I was introduced to a website yesterday called "World Clock". There are actually a number of such websites to choose from, but what they offer is a frighteningly confronting look at how quickly our world is changing. Just as an indicator, open the following site while you read this blog:http://www.worldometers.info/
Take note of how many babies are born and how many people die in the time it takes to read this blog. Mind blowing stuff when the numbers are rolling over in front of your eyes! What is even more interesting are some of the other measures. For example, have a look at the number of new book titles published this year in comparison to the other numbers in the section on society and media. It is no surprise that the number of emails sent today and google searches conducted is astronomical. Here is an equally interesting site which is along the same lines as the one above but has a particular focus on environmental aspects of population growth:
Have a look at the number of planet earths we need in order to provide resources and absorb waste at the current rate of usage!
It would be very easy to be critical of these statistics and perhaps make judgements – particularly when you see the number of cigarettes smoked today...but instead, let's look at it as important information which we can use in order to shape a positive response, particularly in the area of education.
At Turramurra High School, we are seeking to create future-focused learners in this ever-changing world. When you look at the figures from these websites, it reiterates the importance of creating learners who are agile in their thinking and flexible in their approach to solving problems. Our young people are going to have some big problems to solve over the coming century. I don't think it is at all helpful to have a "doom and gloom" response to the change we see happening in our world because that disables our thinking and creates a sense of helplessness. I believe that the young people of today will come up with the most incredible solutions to the problems of the future, not only because of the fact that invention is borne out of necessity but we are living in a period of time where the rapid evolution of technology has created, in the past ten years, innovation that we could never have believed possible.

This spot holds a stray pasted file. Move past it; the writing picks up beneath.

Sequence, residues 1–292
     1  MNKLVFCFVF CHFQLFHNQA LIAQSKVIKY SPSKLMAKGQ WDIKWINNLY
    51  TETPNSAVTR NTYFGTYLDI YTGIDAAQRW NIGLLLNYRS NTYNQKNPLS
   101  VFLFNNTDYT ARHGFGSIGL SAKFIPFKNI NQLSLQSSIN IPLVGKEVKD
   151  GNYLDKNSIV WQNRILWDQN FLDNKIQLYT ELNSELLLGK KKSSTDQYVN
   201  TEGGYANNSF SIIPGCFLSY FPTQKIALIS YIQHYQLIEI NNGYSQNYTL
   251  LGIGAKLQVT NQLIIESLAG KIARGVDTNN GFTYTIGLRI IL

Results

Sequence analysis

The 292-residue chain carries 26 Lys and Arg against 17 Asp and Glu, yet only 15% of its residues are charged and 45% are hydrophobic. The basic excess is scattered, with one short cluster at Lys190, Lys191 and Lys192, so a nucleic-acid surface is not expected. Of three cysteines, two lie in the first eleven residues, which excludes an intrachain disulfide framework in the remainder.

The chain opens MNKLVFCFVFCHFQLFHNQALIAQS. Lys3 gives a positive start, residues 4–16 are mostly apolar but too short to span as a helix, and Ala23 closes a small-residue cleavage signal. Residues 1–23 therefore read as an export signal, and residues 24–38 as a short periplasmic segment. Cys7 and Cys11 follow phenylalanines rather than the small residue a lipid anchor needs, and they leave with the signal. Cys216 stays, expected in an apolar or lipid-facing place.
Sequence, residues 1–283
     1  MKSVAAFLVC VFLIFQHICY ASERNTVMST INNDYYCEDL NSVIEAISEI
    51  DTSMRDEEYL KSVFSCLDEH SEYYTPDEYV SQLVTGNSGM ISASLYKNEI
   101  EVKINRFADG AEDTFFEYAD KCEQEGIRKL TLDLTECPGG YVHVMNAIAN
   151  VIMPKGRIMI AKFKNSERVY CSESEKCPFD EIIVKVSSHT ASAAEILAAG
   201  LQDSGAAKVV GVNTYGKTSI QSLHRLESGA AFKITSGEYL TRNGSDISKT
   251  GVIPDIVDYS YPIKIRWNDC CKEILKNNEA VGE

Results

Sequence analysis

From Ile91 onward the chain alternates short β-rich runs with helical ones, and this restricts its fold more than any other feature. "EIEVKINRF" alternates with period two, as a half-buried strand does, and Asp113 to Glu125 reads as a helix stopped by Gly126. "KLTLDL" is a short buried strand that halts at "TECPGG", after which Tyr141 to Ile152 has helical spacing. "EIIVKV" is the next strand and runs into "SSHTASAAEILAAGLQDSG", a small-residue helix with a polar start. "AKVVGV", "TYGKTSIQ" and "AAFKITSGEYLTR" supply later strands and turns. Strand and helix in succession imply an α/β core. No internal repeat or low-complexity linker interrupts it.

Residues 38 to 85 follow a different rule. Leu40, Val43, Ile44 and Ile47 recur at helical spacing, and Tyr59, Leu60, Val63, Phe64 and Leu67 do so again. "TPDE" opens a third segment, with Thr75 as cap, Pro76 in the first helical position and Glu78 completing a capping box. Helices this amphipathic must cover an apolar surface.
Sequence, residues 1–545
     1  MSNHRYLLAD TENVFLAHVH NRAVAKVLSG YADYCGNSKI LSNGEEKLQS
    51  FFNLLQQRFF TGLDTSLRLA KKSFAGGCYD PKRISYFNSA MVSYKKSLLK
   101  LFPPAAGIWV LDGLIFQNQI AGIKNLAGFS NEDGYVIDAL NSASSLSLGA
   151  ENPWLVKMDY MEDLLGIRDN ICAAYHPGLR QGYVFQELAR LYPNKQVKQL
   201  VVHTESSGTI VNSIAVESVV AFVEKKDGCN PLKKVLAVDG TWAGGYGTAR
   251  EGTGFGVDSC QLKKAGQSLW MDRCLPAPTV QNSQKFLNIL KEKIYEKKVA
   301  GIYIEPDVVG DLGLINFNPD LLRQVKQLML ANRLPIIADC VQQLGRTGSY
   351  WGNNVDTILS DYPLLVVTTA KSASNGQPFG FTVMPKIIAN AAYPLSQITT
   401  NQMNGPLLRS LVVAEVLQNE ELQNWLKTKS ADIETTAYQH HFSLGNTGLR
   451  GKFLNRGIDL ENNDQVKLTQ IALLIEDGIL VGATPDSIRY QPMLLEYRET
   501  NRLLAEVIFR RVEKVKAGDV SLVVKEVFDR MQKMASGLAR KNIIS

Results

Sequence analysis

Sometimes we need to think creatively about our systems and processes when it comes to innovation. Education may have reached a point, for example, where we need to look beyond "just doing the same thing better" and think about completely restructuring the system to meet the needs of its users. At THS we are taking an "Improvement Science" approach (Tony Bryck 2015) to tackle system problems and try to create innovative solutions. One of the ways we are doing that is through our involvement in a Hub School partnership with UTS which we have called InSITE. This project is focused on reimagining initial teacher education in order to significantly change the future of teaching so that we are better able to meet future-focused learning needs of our students. The project is best summarised in this short video:
Whether you believe the figures from the World Clock are accurate or not, the concept is irrefutable. Change is happening right now and it is up to us how we choose to respond to it.
As always, I look forward to hearing your responses and welcome your thoughts via the school website.
Stephanie McConnell - Principal